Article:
The sudden shift and ignominy that followed — Russian flags raised at vacant U.S. outposts, Kurds pelting American convoys with rocks and garbage — has rankled active-duty special-forces operatives. “The guys I’ve spoken with are very disappointed,” says a veteran of the campaign against ISIS. “The Kurds are the most motivated and capable partner forces I’ve ever served with — they fought to the death — and they’ve gotten the short end of the stick again,” he says, noting the long history of American betrayal of the Kurds, including when President George H.W. Bush called on them to rise up against Saddam Hussein in 1991, only to stand by as they were massacred.
“The consequences of such unreliability from the Oval will reverberate well beyond Syria,” tweeted Brett McGurk, who served as the special presidential envoy to combat ISIS from 2015 to 2018. “The value of an American handshake is depreciating. Trump today said we could ‘crush ISIS again’ if it regenerated. With who? What allies would sign up? Who would fight on his assurances?”
U.S. officials estimate there are as many as 18,000 ISIS members still at large in Iraq and Syria; another 12,000 are being held in Kurdish prisons, where control is now in jeopardy. A Kurdish intelligence official tells me that all ISIS prisoners have been relocated farther south from the Turkish-occupied zone. “We are protecting not just for Europe but all the world,” he says, “but our biggest priority is fighting against Turkey and the defense of our nation.” Half the prison guards have been pulled away to fight since the invasion began, he says, and more than 100 fighters have already escaped, along with 785 sympathizers.
ISIS is brazenly exploiting the vacuum. In Qamishli, a bomb detonated in the city center the day I left, the second attack in as many weeks attributed to ISIS. On November 11th, three explosions claimed six more lives. That same day, an Armenian priest and his father were murdered on a highway south of the city. ISIS took credit. According to the Rojava Information Center, ISIS is targeting people who work with Kurdish-led authorities in Deir Ezzour province, claiming over 100 killings since the Turkish invasion. Lina Abdulwahid, another female leader of the Future Syria Party, was shot on November 17th but survived.
Meanwhile, Trump has backtracked on his call for a full withdrawal and redeployed U.S. troops to secure oil fields around Deir Ezzour. Despite his claims of “massive amounts of oil,” Syria’s reserves amount to less than one percent of global output, and experts say it would require many years and billions in investment to rehabilitate the infrastructure. And then there’s the fact that the oil belongs to Syria. Senior U.S. officials have tried to downplay the oil gambit, but Trump has been publicly stating that troops remain “only for the oil.” Some 500 to 600 U.S. forces will stay indefinitely with a hazy mandate to protect oil fields, not our besieged Kurdish allies who sacrificed so much in the name of pluralism.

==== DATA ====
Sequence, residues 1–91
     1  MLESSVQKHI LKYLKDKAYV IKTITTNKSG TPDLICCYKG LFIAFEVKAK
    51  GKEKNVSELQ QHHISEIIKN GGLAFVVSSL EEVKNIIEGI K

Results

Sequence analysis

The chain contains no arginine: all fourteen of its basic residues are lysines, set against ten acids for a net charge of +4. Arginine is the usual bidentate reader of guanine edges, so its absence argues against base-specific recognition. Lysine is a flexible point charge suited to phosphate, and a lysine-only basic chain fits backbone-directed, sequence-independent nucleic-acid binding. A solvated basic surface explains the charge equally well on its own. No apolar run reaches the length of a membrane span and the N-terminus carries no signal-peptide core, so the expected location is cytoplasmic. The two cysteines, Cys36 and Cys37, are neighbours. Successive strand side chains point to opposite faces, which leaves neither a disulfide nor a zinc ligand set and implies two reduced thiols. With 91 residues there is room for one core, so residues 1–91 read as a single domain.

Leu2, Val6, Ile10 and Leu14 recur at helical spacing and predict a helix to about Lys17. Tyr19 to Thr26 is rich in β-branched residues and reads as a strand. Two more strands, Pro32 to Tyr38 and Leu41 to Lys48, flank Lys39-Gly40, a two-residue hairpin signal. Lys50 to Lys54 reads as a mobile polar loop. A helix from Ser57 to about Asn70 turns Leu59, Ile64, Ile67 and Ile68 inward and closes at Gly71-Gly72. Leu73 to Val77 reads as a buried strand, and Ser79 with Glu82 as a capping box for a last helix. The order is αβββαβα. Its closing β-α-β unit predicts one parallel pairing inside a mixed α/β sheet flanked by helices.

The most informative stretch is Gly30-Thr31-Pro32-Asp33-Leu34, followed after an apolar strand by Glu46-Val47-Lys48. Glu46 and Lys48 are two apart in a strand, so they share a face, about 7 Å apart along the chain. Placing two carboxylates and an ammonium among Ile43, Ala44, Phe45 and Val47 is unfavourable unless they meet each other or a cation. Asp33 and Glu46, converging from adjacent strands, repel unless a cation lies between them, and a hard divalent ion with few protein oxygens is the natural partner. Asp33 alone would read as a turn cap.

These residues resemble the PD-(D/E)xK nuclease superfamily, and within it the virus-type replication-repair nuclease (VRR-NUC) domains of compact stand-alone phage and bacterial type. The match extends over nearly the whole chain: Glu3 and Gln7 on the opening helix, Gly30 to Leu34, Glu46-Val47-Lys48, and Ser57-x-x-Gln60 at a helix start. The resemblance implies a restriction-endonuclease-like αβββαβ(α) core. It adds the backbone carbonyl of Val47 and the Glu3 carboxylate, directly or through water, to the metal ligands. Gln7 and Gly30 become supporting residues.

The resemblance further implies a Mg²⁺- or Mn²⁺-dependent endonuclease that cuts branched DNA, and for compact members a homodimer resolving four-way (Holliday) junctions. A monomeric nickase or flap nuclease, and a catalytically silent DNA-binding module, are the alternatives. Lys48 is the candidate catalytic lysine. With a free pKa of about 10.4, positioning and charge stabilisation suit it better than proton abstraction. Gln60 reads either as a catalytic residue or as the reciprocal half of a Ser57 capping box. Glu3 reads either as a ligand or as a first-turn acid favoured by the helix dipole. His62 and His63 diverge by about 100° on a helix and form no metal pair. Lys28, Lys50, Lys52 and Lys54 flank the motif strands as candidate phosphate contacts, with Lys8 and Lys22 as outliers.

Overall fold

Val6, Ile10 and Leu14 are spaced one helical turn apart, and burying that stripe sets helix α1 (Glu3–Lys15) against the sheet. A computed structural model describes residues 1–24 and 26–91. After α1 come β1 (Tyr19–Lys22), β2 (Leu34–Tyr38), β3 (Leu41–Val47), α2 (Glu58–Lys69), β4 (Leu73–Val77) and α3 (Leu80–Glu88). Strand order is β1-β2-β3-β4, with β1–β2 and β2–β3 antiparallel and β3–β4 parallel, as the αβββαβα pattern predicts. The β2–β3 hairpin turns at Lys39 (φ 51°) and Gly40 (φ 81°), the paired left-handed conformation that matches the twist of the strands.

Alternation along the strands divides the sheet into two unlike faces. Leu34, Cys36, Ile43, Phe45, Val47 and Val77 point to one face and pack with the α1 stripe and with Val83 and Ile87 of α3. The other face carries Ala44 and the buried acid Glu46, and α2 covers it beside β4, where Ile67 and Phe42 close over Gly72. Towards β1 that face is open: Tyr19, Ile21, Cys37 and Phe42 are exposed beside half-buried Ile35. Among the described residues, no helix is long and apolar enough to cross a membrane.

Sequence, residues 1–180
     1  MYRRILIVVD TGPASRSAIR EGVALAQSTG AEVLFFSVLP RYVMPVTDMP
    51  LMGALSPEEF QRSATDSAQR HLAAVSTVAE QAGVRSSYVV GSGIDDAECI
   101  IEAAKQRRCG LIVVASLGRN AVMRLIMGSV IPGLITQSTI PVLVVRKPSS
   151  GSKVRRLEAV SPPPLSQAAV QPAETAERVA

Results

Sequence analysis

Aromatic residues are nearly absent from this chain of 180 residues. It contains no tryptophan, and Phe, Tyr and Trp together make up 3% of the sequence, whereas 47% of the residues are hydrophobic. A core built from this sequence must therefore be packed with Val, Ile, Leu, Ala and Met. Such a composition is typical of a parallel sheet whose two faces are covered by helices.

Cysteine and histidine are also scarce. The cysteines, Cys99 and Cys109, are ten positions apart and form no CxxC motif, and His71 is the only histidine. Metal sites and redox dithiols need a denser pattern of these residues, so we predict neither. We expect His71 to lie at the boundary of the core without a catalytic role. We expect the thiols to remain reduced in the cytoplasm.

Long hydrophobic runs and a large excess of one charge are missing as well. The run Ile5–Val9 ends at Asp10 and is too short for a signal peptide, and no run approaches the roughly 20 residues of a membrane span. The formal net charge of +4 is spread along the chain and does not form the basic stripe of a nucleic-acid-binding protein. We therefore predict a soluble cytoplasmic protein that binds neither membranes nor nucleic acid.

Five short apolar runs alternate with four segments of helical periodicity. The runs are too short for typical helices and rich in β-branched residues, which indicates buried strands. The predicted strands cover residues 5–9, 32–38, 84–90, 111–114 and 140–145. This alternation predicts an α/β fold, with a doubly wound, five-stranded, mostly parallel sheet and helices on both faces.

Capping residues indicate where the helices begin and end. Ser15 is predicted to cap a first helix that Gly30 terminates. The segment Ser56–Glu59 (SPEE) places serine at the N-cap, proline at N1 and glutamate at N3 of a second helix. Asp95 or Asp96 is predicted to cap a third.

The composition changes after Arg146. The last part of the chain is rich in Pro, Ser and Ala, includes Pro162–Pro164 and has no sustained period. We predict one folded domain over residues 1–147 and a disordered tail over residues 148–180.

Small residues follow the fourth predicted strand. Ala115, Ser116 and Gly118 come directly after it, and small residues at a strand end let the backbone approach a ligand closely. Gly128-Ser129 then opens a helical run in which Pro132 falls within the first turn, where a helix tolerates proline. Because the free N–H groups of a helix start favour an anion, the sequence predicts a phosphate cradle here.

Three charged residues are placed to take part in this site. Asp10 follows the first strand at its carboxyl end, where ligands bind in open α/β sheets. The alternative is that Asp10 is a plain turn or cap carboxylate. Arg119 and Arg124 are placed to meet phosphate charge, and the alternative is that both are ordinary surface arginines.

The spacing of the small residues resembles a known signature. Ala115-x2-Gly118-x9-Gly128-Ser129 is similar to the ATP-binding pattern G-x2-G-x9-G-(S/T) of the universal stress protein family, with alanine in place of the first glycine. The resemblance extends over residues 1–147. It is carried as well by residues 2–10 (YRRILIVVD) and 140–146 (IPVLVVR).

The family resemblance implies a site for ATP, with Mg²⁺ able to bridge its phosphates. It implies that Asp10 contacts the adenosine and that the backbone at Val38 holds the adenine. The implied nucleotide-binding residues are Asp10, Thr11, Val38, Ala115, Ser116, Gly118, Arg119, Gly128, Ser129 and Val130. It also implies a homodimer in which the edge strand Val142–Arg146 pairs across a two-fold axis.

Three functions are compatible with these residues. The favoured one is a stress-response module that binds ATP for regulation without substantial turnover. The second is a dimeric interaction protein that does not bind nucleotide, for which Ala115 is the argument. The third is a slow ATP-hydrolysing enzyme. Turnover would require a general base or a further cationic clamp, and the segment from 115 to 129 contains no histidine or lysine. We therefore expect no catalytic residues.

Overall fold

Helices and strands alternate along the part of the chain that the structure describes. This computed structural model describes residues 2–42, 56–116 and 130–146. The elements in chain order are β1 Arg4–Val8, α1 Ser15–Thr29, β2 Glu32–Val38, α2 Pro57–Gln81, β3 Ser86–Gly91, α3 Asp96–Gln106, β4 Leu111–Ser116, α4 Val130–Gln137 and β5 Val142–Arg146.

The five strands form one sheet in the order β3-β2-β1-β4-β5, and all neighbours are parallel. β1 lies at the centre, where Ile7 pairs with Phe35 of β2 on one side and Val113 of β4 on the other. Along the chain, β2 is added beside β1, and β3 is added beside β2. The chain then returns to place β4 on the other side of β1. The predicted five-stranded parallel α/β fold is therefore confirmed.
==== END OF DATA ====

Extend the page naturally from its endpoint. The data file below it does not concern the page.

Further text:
In November, a leaked memo from Roebuck, the American envoy in northern Syria, slammed the Trump administration for not doing enough to stop the Turkish invasion, which “represents an intention-laced effort at ethnic cleansing.” House Democrats and Republicans are trying to impose sanctions on Turkey, but the legislation would have to pass a Republican-controlled Senate and then be signed by the president. Were there any doubt on where Trump stands, on November 13th he honored Erdogan with a White House reception and thanked him for the job he’s done in Syria, declaring himself “a big fan.”
The road from Qamishli to Iraq is grim. “Rojava is our nation,” says our chain-smoking driver, Abdulrahman, waving a tattooed arm across the horizon. “We are not refugees on this land — this is our land!” But the scenes we pass say otherwise. Some SDF checkpoints are totally empty, torn flags whipping in the wind; others are guarded by a few holdouts. Oil pumps creak on the gray horizon, the air tinged with acrid smoke from makeshift refineries. Flatbed trucks full of fleeing families queue at gas stations. Those without transport wait roadside for a ride, clutching what they can carry: infants, bedrolls, plastic bags of clothes.
As we move along, Abdulrahman concedes it may be time to move his family to Iraq — or “pick up my gun again” — fearful that the Syrian regime will expand its presence and enact reprisals. The previous night, Russia and Turkey announced a deal to carry out joint ground patrols in northeast Syria and allow Syrian troops to move back into border areas from which they’d been absent for years.